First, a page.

“The general ban on deportations (to Syria) will expire at the end of this year,” Hans-Georg Engelke, state secretary at the interior ministry, told reporters.

“Those who commit crimes or pursue terrorist aims to do serious harm to our state and our population should and will have to leave our country.”

The decision, which drew vehement criticism from human rights groups, was taken at a telephone conference between federal Interior Minister Horst Seehofer, a hardline conservative who had long called for an end to the deportation ban, and his 16 state-level counterparts.

READ ALSO: Germany plans to deport 'dangerous' Syrian criminals

The Social Democrats (SPD), junior partners in Chancellor Angela Merkel's right-left “grand coalition” government, failed in their bid to win a six-month extension of the protections, in place since 2012.

They argued that the still precarious security and humanitarian situation in Syria made expulsions there indefensible.

'First EU country'

Engelke, standing in for Seehofer who was in quarantine after a coronavirus exposure, told a news conference that an estimated 90 Syrian suspected Islamists were believed to be in Germany.

Calls for a change in stance have been growing since a Syrian man was
arrested in November on suspicion of carrying out a deadly knife attack in the city of Dresden.

Prosecutors said the 20-year-old, accused of killing one tourist and seriously injuring another, had a raft of criminal convictions and a history of involvement with the Islamist scene.

He had been living in Germany under “tolerated” status granted to people whose asylum requests have been rejected, but who cannot be deported.

Boris Pistorius of the SPD, interior minister of Lower Saxony, noted that on a practical level expulsions to Syria would remain next to impossible “because there are no state institutions with which we have diplomatic relations”.

But he sharply criticised the symbolic meaning of Germany becoming what he called the first EU country to lift the deportation ban.

Germany took in more than one million migrants including tens of thousands of Syrians at the height of the refugee influx 2015-16 when several EU member states shut their borders to asylum seekers.

'Disgrace'

The German foreign ministry has described conditions in Syria as “catastrophic” and noted that its nationals continue to be “exposed to dangers when they return” to their home country.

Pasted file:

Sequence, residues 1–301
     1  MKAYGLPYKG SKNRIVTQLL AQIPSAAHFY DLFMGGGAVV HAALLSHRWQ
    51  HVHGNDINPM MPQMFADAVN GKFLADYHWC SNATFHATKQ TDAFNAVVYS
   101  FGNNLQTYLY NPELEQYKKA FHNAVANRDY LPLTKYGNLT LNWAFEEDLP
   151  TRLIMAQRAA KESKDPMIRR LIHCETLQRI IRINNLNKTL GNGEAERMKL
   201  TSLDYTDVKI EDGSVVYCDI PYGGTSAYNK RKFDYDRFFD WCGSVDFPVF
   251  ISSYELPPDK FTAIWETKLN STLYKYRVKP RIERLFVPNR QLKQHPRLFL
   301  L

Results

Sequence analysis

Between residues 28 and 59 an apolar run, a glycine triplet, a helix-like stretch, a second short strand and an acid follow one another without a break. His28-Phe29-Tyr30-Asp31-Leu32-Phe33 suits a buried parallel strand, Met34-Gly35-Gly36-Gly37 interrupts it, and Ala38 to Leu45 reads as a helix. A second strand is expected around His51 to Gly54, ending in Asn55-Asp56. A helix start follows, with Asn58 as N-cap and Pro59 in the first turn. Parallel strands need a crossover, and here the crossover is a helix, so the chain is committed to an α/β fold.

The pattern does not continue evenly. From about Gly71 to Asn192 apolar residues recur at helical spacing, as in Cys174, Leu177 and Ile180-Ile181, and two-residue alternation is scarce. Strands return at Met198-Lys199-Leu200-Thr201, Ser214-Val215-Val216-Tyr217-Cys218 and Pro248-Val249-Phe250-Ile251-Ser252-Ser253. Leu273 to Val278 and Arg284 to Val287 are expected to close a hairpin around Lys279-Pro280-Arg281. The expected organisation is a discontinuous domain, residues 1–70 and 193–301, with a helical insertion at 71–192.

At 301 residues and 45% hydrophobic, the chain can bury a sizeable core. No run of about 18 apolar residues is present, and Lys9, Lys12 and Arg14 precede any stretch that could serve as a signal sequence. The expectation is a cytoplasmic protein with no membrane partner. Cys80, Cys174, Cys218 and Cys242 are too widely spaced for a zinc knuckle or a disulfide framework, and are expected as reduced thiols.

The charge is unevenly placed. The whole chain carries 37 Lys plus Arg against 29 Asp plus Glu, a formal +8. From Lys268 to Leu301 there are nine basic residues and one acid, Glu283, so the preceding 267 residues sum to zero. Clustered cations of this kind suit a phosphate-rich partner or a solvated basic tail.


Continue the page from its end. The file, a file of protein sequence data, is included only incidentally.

Government forces have regained control of large swathes of territory once held by rebels and Islamist groups, but opponents of the Assad government still face torture and death, according to human rights organisations.

However as Germany heads into a general election year to replace Merkel after 16 years in power, conservative politicians seized on the issue amid concerns among some voters about the security risk posed by refugees.

READ ALSO: German interior minister rules out deportations to Syria

“In such a situation, you can't tell the German population on the issue of whether someone poses a danger… that it is taboo to even think about sending them home,” Bavarian Interior Minister Joachim Herrmann told the news conference.

German campaigners slammed the decision, calling it opportunistic and driven by political interests.

“The behaviour of the conservative interior ministers is a disgrace for the rule of law and irresponsible in its substance,” Guenter Burkhardt of refugee rights group PRO ASYL said in a statement, calling it a violation of the European Convention on Human Rights.

Syria's war, which broke out after the brutal suppression of anti-government protests in 2011, has killed more than 380,000 people and displaced millions.

Germany has launched several criminal cases over alleged war crimes in Syria under the principle of universal jurisdiction, which allows a foreign country to prosecute crimes against humanity and war crimes.

SHOW COMMENTS